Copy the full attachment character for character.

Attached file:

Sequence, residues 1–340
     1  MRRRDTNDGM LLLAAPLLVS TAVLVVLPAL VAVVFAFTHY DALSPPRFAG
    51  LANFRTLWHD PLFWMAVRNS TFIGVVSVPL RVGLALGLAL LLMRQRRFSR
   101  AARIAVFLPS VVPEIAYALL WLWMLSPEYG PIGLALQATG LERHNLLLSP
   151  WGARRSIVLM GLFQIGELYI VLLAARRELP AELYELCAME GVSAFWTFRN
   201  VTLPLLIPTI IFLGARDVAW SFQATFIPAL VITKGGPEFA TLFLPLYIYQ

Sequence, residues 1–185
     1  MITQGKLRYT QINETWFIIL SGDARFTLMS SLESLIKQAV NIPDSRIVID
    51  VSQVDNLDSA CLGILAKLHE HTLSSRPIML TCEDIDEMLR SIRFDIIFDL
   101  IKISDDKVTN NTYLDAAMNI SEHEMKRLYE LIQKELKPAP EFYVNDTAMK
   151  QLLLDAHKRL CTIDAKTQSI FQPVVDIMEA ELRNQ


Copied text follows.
Sequence, residues 1–340
     1  MRRRDTNDGM LLLAAPLLVS TAVLVVLPAL VAVVFAFTHY DALSPPRFAG
    51  LANFRTLWHD PLFWMAVRNS TFIGVVSVPL RVGLALGLAL LLMRQRRFSR
   101  AARIAVFLPS VVPEIAYALL WLWMLSPEYG PIGLALQATG LERHNLLLSP
   151  WGARRSIVLM GLFQIGELYI VLLAARRELP AELYELCAME GVSAFWTFRN
   201  VTLPLLIPTI IFLGARDVAW SFQATFIPAL VITKGGPEFA TLFLPLYIYQ

Sequence, residues 1–185
     1  MITQGKLRYT QINETWFIIL SGDARFTLMS SLESLIKQAV NIPDSRIVID
    51  VSQVDNLDSA CLGILAKLHE HTLSSRPIML TCEDIDEMLR SIRFDIIFDL
   101  IKISDDKVTN NTYLDAAMNI SEHEMKRLYE LIQKELKPAP EFYVNDTAMK
   151  QLLLDAHKRL CTIDAKTQSI FQPVVDIMEA ELRNQ